Artist Christopher Volpe says work represents battle with climate change


By: Suzette Pujols, Intro to Journalism, Spring 2023

New England College’s Chester Gallery held a reception for Christopher Volpe on Wednesday, March 29. Volpe is an artist, writer, and teacher living in New Hampshire. He discusses his journey through his pieces, his inspirations, and the natural world.

His series was inspired in 2015 due to the novel Moby Dick. He began to use tar on his canvases, as a reference to the fossil fuel industry. In comparison to Moby Dick, whale oil began as a modern American global industry. The domination of this industry nearly caused an extinction to all whales. Volpe views the colors of the tar as the colors of pollution and climate change.

“You know how in Moby Dick they go after the whale and the whale sinks the ship and then everybody dies. I just see that as a metaphor for what we’re doing,” he said.

Volpe has taught painting, literature, and the history of art at various colleges and universities. He expresses how terrifying stepping into teaching was, he decided that the only way to economically grow as a writer or artist was to get a teaching position. In graduate school, Volpe applied for and received a teaching assistantship.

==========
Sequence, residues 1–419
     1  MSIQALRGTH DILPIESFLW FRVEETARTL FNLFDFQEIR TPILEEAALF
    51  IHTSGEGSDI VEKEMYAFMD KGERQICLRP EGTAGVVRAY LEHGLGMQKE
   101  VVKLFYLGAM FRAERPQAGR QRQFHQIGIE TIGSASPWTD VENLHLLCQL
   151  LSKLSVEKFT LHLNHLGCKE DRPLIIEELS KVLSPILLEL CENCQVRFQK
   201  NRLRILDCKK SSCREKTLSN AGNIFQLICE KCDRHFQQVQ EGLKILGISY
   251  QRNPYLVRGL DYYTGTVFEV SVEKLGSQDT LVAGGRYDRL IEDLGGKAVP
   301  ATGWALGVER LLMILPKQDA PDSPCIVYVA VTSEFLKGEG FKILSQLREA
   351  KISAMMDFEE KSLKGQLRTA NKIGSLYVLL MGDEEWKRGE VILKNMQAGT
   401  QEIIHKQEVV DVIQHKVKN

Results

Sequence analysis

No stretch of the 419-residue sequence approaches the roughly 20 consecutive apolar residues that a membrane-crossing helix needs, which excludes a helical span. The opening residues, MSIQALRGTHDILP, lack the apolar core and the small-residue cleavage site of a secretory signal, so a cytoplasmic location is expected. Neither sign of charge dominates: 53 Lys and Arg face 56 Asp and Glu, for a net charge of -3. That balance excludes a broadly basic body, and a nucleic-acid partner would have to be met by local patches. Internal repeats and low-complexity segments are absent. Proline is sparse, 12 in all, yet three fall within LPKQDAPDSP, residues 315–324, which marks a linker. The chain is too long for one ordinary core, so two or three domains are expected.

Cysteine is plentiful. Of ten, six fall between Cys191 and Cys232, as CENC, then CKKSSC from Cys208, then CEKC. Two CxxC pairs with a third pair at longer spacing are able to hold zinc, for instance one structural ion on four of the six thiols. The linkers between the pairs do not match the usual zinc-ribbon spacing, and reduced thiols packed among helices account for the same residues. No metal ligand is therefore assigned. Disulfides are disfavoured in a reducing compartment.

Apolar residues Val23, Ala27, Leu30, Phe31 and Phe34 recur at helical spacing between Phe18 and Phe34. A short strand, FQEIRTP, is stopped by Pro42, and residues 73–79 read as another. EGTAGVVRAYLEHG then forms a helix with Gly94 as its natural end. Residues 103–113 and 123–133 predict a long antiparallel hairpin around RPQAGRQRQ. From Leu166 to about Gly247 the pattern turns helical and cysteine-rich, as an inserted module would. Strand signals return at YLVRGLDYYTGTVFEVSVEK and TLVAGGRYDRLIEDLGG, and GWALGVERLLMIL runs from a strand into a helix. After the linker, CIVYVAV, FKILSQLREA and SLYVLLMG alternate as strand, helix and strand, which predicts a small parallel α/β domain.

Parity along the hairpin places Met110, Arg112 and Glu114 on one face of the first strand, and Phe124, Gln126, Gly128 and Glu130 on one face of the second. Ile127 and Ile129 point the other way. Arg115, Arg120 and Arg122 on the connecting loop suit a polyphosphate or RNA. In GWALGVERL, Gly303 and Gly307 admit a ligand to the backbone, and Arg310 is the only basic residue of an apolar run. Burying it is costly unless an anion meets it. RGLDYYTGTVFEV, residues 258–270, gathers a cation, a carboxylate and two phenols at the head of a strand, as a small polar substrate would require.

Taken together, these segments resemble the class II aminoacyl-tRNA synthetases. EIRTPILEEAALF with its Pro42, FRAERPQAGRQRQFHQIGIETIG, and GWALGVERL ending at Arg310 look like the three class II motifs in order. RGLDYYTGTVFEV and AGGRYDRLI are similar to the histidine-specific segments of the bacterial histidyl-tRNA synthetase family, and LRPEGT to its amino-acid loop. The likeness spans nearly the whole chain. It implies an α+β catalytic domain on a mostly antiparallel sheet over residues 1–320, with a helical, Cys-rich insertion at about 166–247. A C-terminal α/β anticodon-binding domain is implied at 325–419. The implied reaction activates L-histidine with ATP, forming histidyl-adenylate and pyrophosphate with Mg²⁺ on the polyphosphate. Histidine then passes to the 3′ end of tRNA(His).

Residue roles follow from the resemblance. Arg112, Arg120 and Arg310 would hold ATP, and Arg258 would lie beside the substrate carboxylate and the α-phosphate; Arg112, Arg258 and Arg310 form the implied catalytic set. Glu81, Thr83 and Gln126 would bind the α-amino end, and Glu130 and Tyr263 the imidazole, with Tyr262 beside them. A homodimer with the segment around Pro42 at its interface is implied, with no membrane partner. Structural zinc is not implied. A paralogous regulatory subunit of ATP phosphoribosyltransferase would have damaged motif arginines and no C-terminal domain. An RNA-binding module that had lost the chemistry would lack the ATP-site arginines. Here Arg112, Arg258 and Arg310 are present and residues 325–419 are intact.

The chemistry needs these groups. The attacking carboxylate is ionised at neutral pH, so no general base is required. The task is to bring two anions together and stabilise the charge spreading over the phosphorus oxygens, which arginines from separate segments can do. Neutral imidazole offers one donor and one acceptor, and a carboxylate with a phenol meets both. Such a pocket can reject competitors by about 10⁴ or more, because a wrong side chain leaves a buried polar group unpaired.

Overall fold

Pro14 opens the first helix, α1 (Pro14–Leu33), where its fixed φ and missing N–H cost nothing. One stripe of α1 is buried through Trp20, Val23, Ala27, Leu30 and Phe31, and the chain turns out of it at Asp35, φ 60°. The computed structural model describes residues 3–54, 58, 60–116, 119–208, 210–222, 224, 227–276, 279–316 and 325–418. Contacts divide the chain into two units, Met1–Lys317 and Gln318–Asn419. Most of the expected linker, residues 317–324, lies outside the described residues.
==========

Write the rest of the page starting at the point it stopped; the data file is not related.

“I used to get cold sweats, but it just became easier over time,” he said.

When Volpe began painting, he’d been teaching poetry and literature for so long that it was all a natural fit.

“I found it super easy, I think it’s because I let myself fail. I didn’t take it seriously,” Volpe said.

Volpe targets his pieces to represent terrible beauty, as in something that doesn’t sugarcoat darkness. His favorite piece is one of the first ones he’s created, called “Any Human Thing.” The piece embodied all the elements that came into fruition due to the series.

Volpe sees his art through the lens of the natural world, including the negative aspects of it. He utilizes his surroundings to create and share stories of our society that is losing its touch to nature due to the easy access the fossil fuel industry has given us for so many things, it’s the foundation of our economy.

In the ending of the reception, Christopher Volpe has inspired creative minds with the ideas that art doesn’t change the world, but it can change minds and makes space for alternatives.

“Whatever you do as an artist, make it something meaningful,” Volpe said.

Previous articleSend your Senior Reflection to The NewEnglander
Next articlePotential Republican Candidate Chris Christie visits NEC